New Zealand's Marlon Williams has quite simply got one of the most extraordinary, effortlessly distinctive voices of his generation-a fact well known to fans of his first, self-titled solo album, and his captivating live shows. An otherworldly instrument with an affecting vibrato, it's a voice that’s earned repeated comparisons to the great Roy Orbison, and even briefly had Williams, in his youth, consider a career in classical singing, before realizing his temperament was more Stratocaster than Stradivarius.
But it's the art of songwriting that has bedeviled the artist, and into which he has grown exponentially on his second album, Make Way For Love, out in February of 2018. It's Marlon Williams like you’ve never heard him before-exploring new musical terrain and revealing himself in an unprecedented way, in the wake of a fractured relationship.
In early December, Williams and his longtime girlfriend, musician Aldous (Hannah) Harding, broke up. While personally wrenching, the split seemed to open the floodgates for Williams as a writer. "â€¦I wrote about fifteen songs in a month," he recalls. Sure enough, while Make Way For Love draws on Williams' own story, in remarkably universal terms it captures the vagaries of relationships that we’ve all been through: he bliss (opener "Come To Me"); ache ("Love Is a Terrible Thing"); nagging questions ("Can I Call You"); and bitterness ("The Fire Of Love", whose lyrics Williams says he "agonized over" more than any).
And there’s "Nobody Gets What They Want Anymore", a duet with Harding, recorded after the two broke up, with Williams directing Harding's recording via a late-night long distance phone call. "We finally got to talk it out," he adds. "We still love each other very much."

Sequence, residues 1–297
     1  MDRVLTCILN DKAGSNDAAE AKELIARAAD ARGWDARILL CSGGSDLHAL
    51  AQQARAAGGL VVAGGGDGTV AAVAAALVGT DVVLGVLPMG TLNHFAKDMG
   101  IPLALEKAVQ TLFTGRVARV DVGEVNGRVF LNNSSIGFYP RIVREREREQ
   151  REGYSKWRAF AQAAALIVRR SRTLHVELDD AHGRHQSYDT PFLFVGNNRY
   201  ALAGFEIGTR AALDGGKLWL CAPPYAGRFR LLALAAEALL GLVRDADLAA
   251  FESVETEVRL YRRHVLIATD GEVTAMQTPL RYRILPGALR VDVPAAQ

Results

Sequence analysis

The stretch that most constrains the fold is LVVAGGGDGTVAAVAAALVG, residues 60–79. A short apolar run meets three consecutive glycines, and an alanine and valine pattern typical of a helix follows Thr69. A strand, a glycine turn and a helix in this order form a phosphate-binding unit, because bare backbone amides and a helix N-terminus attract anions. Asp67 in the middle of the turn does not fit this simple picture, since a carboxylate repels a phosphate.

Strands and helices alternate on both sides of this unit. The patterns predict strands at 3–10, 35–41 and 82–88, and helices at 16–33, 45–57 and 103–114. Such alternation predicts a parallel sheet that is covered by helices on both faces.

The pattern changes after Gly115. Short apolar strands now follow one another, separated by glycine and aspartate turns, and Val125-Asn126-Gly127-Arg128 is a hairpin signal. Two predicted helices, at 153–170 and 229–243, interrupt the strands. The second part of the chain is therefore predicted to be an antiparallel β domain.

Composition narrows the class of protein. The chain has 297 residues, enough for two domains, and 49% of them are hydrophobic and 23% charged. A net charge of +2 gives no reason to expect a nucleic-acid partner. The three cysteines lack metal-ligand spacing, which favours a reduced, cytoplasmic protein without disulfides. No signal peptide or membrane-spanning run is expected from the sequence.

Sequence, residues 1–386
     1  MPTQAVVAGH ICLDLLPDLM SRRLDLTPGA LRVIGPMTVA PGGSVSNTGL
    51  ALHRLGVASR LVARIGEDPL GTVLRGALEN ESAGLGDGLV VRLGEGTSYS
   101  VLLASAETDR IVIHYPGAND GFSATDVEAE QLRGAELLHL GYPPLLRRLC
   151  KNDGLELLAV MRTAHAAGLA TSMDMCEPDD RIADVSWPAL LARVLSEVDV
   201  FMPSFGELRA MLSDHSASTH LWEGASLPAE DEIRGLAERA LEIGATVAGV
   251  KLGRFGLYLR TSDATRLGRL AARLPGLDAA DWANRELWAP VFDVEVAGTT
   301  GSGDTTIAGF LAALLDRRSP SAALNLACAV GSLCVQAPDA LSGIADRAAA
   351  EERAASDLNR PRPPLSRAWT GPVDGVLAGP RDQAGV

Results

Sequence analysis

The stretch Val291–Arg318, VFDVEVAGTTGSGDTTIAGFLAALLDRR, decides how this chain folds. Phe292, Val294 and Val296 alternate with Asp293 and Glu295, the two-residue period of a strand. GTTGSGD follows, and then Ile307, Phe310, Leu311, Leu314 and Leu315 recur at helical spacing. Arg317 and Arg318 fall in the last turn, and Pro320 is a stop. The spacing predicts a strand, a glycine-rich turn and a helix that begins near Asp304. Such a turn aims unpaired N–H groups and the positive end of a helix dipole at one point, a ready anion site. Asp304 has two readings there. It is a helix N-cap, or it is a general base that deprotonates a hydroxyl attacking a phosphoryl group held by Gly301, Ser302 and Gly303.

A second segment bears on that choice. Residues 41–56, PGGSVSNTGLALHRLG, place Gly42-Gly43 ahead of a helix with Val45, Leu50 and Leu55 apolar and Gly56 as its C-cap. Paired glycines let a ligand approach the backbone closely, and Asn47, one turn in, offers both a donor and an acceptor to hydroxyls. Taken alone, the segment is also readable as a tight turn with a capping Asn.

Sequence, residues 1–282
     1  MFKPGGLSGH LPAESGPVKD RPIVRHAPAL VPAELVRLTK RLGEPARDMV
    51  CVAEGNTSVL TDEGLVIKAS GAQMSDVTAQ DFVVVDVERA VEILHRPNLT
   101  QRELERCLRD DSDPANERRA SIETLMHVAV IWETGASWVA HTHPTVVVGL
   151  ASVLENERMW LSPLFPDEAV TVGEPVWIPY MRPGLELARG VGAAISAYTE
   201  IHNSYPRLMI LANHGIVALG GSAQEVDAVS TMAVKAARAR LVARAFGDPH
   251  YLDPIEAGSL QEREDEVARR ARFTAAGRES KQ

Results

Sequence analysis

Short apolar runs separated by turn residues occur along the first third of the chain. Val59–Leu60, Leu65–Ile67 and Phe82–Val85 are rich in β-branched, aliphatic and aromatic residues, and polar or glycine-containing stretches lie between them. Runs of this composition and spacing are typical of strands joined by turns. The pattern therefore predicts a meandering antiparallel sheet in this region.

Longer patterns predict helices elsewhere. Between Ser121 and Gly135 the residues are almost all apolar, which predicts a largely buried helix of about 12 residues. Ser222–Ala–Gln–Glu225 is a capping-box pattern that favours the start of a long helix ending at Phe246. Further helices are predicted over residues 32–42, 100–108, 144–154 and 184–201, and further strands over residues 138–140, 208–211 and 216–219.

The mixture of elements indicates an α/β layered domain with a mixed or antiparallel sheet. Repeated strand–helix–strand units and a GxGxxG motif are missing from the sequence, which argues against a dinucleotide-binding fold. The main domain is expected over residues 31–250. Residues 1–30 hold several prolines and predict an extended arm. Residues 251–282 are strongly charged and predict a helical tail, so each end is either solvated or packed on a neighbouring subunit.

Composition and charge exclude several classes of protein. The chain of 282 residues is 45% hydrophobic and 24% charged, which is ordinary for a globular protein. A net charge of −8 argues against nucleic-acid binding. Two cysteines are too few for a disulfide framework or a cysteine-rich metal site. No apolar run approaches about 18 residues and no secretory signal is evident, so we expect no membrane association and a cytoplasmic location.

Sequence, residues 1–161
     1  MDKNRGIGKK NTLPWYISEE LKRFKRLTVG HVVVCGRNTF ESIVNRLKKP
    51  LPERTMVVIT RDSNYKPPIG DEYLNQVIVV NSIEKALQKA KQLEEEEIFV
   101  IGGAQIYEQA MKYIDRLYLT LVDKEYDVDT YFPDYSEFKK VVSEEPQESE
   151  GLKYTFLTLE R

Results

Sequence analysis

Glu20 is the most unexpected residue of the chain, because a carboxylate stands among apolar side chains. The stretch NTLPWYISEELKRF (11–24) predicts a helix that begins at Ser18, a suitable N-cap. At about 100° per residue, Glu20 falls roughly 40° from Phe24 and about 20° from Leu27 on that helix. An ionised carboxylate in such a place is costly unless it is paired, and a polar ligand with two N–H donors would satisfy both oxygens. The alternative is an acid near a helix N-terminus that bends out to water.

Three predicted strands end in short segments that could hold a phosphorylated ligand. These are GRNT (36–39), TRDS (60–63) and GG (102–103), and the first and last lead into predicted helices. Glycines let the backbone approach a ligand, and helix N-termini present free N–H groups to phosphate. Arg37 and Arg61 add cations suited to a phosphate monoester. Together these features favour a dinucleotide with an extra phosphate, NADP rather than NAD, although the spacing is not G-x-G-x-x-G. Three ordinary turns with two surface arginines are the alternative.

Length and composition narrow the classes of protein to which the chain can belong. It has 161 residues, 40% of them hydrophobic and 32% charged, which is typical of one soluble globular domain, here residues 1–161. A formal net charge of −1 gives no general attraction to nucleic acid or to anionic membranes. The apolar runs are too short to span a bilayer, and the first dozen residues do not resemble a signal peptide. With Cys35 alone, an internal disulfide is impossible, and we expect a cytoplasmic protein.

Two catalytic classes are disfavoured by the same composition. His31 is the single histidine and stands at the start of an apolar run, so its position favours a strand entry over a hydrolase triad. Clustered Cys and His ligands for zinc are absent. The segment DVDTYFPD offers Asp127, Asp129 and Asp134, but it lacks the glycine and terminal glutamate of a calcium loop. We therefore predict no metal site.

If "breakup record" is a trope-and certainly it is-then Marlon Williams has done it proud. Like the best of the lot, Make Way For Love doesn’t shy away from heartbreak, but rather stares it in the face, and mines beauty from it.
"Each song is a character," says Marlon Williams of his self-titled solo debut: a remarkably assured and diverse nine-track tapestry, united by one of the most versatile and evocative voices you'll hear this or any other year. "I don't really ever sing out of character. Even if it's a very personal song, once it's written it doesn't belong to me." Recording the record at home, utilizing The Sitting Room in Lyttelton Harbour (New Zealand), Williams' deep-rooted bonds birth an eclectic, yet cohesive set that ranges from acrobatic opener "Hello Miss Lonesome" to the wry coffee house wisdom of "Everyone's Got Something To Say", via Rubber Soul-ful zinger "After All" and "Lonely Side Of Her"'s beauteous barroom empathy. Its author’s easygoing gender fluidity is expressed through his revelatory, androgynous reading of the traditional lament "When I Was A Young Girl", previously hymned by Nina Simone and Feist, among others. This ability to truly inhabit his material illuminates Williams' majestic rendering of such diverse touchstones as classic orch-pop ballad "Lost Without You" and conceptual, 1974-vintage nugget "Silent Passage" (originally by Bob Carpenter, a Canadian of First Nations heritage). These covers blend seamlessly with novelistic noir standouts "Strange Things" and "Dark Child" (co-credited to childhood choral pal Tim Moore, now a palliative care nurse), which deliver gallows humor with a widescreen groove.
Having been nominated for 5 New Zealand Music Awards, an Australian ARIA Award and completed sold out album release tours, this Southern Hemisphere star's eagerly awaited international release should see Marlon Williams soar.